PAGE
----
Summer is in full swing and these hot, often humid days can be tough on humans and animals. At DogServices, the comfort and well-being of animals in our care is a priority. We provide drinking water inside and outside, have kiddie pools for dogs to splash around and cool off in, keep a close eye on our guests (especially those with short muzzles who cannot pant as well), offer shade in the outdoor lots, and limit time outside on especially hot days – using our indoor play areas instead. The tips below from the ASPCA explain how you can help your dog – or cat – beat the heat and stay safe.
Visit the Vet – Take your pet in for a summer check-up if they have not been to the vet recently. Make sure they get tested for heartworm if they aren’t on year-round preventive medication. Ask your doctor to recommend a safe flea and tick control program if needed.
Made in the Shade – Pets can get dehydrated quickly, so give them plenty of fresh, clean water when it’s hot outdoors. Make sure your pets have a shady place to get out of the sun, be careful to not over-exercise them, and keep them indoors when it’s extremely hot.
Know the Warning Signs – Symptoms of overheating in pets include excessive panting or difficulty breathing, increased heart and respiratory rate, drooling, mild weakness, stupor or even collapse. They can also include seizures, bloody diarrhea and vomit along with an elevated body temperature of over 104 degrees. Animals with flat faces, like Pugs and Persian cats, are more susceptible to heat stroke since they cannot pant as effectively. These pets, along with the elderly, the overweight, and those with heart or lung diseases, should be kept cool in air-conditioned rooms as much as possible.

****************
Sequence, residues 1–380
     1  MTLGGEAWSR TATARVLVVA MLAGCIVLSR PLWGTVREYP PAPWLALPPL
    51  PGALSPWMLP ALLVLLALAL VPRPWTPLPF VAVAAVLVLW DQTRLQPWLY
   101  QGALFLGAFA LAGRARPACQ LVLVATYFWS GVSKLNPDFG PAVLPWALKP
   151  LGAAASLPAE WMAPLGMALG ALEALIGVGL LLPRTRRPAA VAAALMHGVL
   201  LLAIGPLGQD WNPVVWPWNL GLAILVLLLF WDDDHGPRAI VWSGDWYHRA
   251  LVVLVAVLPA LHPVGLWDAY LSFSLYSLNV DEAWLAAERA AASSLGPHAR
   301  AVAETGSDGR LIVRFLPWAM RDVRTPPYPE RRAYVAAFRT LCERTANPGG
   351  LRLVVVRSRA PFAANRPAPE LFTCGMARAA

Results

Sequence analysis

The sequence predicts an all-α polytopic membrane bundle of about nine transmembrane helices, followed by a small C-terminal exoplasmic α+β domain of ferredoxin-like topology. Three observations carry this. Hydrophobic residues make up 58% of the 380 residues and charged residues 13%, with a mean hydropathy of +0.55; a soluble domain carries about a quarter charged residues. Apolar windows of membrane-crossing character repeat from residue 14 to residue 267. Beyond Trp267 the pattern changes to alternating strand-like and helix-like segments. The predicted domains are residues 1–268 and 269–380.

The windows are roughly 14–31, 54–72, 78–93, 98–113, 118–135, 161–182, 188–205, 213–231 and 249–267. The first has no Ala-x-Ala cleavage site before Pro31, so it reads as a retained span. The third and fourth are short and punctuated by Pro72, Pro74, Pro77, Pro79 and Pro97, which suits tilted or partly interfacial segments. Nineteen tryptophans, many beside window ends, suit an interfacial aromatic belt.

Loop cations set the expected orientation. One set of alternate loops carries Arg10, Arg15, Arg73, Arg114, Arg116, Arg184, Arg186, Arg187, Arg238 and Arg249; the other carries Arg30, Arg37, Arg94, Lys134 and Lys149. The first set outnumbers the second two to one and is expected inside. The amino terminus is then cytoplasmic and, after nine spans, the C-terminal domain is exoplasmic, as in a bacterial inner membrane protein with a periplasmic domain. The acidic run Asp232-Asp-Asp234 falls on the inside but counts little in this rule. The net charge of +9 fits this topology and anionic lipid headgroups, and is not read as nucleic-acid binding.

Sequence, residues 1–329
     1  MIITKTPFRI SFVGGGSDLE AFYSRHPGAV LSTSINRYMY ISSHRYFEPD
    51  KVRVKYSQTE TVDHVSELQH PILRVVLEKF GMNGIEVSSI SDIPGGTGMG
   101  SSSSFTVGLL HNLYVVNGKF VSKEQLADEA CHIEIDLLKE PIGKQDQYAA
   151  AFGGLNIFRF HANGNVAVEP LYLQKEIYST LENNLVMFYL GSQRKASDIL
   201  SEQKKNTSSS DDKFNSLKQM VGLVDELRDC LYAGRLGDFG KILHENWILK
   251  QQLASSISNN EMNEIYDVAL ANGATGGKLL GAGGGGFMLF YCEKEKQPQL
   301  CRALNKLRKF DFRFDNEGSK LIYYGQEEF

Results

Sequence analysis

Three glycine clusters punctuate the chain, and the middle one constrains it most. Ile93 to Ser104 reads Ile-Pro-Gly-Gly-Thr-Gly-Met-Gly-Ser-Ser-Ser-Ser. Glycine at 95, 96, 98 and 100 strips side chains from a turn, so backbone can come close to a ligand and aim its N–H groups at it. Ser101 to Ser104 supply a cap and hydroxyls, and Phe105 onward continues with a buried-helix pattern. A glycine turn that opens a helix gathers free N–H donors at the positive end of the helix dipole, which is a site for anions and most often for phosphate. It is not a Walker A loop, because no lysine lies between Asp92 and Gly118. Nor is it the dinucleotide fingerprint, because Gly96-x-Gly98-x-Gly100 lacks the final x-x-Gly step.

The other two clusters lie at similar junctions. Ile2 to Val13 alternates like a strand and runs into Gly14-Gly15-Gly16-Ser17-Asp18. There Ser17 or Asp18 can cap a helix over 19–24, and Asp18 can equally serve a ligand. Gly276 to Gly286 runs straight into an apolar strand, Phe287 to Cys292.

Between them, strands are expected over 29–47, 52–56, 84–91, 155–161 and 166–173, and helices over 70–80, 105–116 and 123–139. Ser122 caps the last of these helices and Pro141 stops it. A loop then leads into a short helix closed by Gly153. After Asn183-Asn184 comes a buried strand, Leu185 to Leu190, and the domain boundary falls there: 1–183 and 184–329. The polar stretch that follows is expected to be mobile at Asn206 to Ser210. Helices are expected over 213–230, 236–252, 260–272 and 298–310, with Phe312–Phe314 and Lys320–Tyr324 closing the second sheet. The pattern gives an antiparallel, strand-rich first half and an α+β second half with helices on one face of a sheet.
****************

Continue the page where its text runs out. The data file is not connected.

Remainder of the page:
No Parking! Never leave your animals alone in a parked vehicle. “On a hot day, a parked car can become a furnace in no time-even with the windows open-which could lead to fatal heat stroke,” says Dr. Louise Murray, Vice President of the ASPCA Animal Hospital.
Make a Safe Splash – Do not leave pets unsupervised around a pool-not all dogs are good swimmers. Introduce your pets to water gradually. Rinse your dog off after swimming to remove chlorine or salt from his fur, and try to keep your dog from drinking pool water, which contains chlorine and other chemicals that could cause stomach upset.
Screen Test – During warmer months, the ASPCA sees an increase in injured animals as a result of High-Rise Syndrome, which occurs when pets-mostly cats-fall out of windows or doors and are seriously or fatally injured. Pet owners need to know that this is completely preventable if they take simple precautions. Keep all unscreened windows or doors in your home closed and make sure adjustable screens are tightly secured.
Summer Style – Feel free to trim longer hair on your dog, but never shave your dog: The layers of dogs’ coats protect them from overheating and sunburn. Brushing cats more often than usual can prevent problems caused by excessive heat. And be sure that any sunscreen or insect repellent product you use on your pets is labeled specifically for use on animals.
Street Smarts – When the temperature is very high, don’t let your dog linger on hot asphalt. Being so close the ground, your pooch’s body can heat up quickly, and sensitive paw pads can burn. Keep walks during these times to a minimum.
Avoid Chemicals – Commonly used flea and tick products, mouse and rat baits, and lawn and garden insecticides can be harmful to cats and dogs if ingested, so keep them out of reach. When walking your dog, steer clear of areas that you suspect have been sprayed with insecticides or other chemicals. Keep citronella candles, oil products and insect coils out of pets’ reach as well. Call your veterinarian or the ASPCA Animal Poison Control Center at (888) 426-4435 if you suspect your animal has ingested a poisonous substance.